Modeling the Synagogue – From Dura to Touro

July 12, 2015 - January 24, 2016
Rosenberg & Winnick Galleries

In conjunction with its foundation in 1973, Yeshiva University Museum commissioned ten scale models of historic synagogues. The models were constructed under the direction of leading scholars and historians, using the most up-to-date research and architectural information. The models were built with intricate architectural detail and with materials that richly evoke the original structures and their interiors. This exhibition marks the first time in two decades that the models have been on display as a group.

The ten synagogues reflect the geographic breadth of the Jewish world across the centuries, from the ancient Mediterranean - Dura-Europos in 3rd-century Syria and Beit Alpha in 6th-century Galilee - to modern America and Europe - Touro in 18th-century Newport and Tempio Israelitico in 19th-century Florence. The models are exhibited here, together with plans, photographs and selected correspondence that document the conception and process of the commission.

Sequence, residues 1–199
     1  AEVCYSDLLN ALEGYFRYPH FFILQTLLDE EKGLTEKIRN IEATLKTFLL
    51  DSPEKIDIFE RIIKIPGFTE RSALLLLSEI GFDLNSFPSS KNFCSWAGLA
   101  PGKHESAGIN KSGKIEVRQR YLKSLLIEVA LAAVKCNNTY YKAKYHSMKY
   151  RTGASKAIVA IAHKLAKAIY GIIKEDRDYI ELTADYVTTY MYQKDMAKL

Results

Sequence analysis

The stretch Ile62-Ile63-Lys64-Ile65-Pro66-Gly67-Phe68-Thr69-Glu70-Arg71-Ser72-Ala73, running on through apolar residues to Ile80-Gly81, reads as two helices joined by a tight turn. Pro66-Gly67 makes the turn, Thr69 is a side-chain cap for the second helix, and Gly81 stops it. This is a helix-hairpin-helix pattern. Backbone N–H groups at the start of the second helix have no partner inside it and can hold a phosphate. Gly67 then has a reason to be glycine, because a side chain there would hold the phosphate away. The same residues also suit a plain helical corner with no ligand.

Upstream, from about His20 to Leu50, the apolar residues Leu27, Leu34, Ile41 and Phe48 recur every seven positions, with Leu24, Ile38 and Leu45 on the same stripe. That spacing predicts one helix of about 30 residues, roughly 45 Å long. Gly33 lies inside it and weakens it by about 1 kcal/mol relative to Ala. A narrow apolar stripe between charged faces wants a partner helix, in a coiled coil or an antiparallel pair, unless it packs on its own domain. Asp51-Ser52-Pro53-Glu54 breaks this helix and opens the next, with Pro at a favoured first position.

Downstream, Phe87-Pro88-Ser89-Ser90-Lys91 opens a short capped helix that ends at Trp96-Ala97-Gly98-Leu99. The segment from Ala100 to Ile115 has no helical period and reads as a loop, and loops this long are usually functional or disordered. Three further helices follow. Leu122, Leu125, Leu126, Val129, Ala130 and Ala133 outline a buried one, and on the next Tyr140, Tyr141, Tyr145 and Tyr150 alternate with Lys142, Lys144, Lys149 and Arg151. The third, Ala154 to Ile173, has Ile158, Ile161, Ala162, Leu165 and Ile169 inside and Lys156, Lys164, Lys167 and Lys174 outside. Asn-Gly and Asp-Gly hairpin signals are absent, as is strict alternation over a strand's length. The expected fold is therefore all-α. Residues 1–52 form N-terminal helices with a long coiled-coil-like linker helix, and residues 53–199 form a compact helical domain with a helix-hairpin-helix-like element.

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Model of the Tempio Israelitico / Florence Synagogue, After original: Florence, Italy, 19th century. Created by Displaycraft, 1972. Collection of Yeshiva University Museum, Endowed by Erica and Ludwig Jesselson.
Southern Portion of the Western Wall from the Dura Europos Synagogue, as Reconstructed in the National Museum of Damascus, Syria. Photograph, Courtesy of the Library of the Jewish Theological Seminary of America, New York
Model of the Beth Alpha Synagogue, After original: Jezreel Valley, Israel, 6th century. Created by Displaycraft, 1972. Collection of Yeshiva University Museum, Endowed by Erica and Ludwig Jesselson.
Model of the Altneuschul, After original: Prague, 13th century. Created by Displaycraft, 1972. Collection of Yeshiva University Museum, Endowed by Erica and Ludwig Jesselson.
Model of the Zabludow Synagogue, After original: Zabludow, Poland, 17th century. Created by Displaycraft, 1972. Collection of Yeshiva University Museum, Endowed by Erica and Ludwig Jesselson.